Imagine yourself as a child. You’re at school, sitting in your desk at the back of the classroom. But today you won’t go unnoticed – you have to give a short speech in front of the class. You’ve prepared something, but you’re nervous: your palms are sweating and you can’t seem to catch your breath. You don’t want the teacher to call on you, but she does. You can’t seem to see straight or think clearly as you walk to the front of the class, and when you get there, you feel paralyzed. You open your mouth to speak but nothing comes out.
Speaking in front of others can be nerve-wracking for a child. In fact, most kids have difficulty articulating before a group of peers. With practice, though, most people are able to fully overcome their public speaking anxiety and go on to feel at ease talking in front of a group.
Unfortunately there are some who never “grow out” of this affliction. The above scenario still reads like a bad dream. An increase in perspiration, heart palpitations, dryness of mouth, and dizziness are all common physiological symptoms of a fear of public speaking. Mentally, the experience can be draining. Most often it is associated with feelings of mental block, as though you can’t come up with anything to say regardless of how much you may have practiced what you were going to say.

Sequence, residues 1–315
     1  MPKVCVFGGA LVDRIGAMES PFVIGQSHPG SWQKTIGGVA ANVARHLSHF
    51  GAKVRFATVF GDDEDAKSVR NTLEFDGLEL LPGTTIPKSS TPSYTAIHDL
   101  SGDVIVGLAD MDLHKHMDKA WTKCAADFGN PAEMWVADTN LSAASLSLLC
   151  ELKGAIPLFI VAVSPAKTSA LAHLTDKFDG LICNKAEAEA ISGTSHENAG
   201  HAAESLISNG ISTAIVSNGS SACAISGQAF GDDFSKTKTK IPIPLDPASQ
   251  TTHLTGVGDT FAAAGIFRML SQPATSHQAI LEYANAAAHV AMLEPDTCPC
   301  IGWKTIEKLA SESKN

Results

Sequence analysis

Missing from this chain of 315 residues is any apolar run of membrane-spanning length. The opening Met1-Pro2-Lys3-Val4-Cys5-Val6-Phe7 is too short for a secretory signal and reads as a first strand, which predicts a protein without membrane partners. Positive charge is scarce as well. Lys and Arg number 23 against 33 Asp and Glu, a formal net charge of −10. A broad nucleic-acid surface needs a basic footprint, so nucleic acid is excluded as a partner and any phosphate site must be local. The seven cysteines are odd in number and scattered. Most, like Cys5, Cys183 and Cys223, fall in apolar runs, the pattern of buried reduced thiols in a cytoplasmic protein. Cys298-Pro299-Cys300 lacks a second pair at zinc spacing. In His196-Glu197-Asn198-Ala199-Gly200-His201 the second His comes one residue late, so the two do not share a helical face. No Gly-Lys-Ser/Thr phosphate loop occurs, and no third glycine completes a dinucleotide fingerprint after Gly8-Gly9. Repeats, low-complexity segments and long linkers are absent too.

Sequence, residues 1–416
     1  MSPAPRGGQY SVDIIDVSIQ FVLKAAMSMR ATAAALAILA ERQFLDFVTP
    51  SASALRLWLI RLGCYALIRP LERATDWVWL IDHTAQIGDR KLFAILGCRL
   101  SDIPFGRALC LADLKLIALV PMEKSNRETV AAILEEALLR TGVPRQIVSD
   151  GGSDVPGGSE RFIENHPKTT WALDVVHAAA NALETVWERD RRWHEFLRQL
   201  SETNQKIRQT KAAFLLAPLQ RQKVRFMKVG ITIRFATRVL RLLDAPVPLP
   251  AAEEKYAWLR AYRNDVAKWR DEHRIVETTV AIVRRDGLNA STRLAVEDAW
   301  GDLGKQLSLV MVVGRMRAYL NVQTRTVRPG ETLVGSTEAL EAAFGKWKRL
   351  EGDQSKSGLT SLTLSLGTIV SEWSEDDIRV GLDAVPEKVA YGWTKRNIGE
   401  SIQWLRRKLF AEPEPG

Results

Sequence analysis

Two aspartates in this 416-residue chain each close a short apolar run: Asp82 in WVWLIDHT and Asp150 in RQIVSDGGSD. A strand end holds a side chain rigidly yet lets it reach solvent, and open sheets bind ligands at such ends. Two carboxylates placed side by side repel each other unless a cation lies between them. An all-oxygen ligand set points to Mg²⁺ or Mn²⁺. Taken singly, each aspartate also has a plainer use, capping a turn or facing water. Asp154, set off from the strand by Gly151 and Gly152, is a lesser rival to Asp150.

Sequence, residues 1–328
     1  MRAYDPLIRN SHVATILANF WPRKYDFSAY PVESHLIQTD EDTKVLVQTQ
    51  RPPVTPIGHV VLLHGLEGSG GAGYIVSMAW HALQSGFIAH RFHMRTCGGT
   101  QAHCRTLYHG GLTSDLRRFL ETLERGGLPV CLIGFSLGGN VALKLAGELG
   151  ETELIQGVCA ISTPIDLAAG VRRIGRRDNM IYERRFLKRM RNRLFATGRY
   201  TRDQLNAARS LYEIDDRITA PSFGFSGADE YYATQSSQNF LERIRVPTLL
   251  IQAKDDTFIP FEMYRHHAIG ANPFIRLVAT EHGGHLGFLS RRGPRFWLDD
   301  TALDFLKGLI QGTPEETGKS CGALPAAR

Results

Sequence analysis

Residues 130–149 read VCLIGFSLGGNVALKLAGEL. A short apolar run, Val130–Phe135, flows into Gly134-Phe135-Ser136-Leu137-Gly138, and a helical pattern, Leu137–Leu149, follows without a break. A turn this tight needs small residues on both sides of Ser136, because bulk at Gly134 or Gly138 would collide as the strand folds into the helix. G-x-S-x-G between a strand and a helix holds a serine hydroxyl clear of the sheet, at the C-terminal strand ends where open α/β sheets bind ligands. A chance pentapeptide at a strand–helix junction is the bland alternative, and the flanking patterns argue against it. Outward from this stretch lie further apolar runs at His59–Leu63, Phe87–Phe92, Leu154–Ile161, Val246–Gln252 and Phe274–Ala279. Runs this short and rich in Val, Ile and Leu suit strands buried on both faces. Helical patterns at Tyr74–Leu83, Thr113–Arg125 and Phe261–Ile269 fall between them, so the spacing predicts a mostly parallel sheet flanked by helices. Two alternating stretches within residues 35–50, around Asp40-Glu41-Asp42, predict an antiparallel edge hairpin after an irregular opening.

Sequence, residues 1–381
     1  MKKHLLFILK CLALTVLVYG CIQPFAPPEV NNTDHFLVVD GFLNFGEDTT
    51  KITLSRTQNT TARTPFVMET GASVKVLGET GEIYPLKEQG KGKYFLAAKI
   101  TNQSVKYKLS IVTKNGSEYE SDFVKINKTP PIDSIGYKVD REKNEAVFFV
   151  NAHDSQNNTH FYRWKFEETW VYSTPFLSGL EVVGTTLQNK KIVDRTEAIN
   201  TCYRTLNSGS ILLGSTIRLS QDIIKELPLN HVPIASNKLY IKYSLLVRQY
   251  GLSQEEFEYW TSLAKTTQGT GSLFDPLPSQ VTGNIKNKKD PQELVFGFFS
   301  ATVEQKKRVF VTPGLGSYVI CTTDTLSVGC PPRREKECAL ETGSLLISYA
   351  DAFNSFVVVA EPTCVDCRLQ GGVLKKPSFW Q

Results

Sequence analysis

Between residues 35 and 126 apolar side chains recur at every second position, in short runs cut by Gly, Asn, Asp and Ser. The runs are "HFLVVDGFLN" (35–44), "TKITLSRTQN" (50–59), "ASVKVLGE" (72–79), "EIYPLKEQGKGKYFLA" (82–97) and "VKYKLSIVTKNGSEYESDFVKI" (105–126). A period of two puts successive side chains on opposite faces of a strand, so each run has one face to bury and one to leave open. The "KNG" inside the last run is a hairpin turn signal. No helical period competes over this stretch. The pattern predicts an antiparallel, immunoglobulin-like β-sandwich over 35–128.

Does this sound familiar?
If you answered yes, you might be affected by a social anxiety disorder. You may find that self-help strategies such as rehearsing in front of a mirror or saying positive affirmations on a regular basis are enough to ease your symptoms. But if you’ve tried these techniques and are still struggling with disabling anxiety related to speech-giving, you may need professional help as well. Don’t worry – you have a lot of options! You can overcome your fear through therapy.